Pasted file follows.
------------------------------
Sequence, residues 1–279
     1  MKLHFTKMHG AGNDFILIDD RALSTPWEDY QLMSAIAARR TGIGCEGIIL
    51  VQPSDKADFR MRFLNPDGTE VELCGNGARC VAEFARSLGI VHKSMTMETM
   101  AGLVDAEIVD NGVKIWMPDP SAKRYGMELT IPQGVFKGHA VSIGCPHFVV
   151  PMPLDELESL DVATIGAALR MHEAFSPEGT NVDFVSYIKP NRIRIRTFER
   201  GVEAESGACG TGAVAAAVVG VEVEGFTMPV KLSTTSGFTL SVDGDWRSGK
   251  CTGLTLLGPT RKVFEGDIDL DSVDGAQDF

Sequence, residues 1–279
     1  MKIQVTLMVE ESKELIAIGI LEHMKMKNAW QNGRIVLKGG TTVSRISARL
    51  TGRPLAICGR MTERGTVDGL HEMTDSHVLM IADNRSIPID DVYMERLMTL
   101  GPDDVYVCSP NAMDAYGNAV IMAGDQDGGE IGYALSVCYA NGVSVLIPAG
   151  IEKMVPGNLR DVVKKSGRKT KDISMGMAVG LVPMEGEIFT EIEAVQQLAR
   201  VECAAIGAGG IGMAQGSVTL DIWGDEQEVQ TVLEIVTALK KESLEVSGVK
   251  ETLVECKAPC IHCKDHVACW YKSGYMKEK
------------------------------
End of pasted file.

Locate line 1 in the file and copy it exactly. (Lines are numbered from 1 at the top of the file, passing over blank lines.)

Sequence, residues 1–279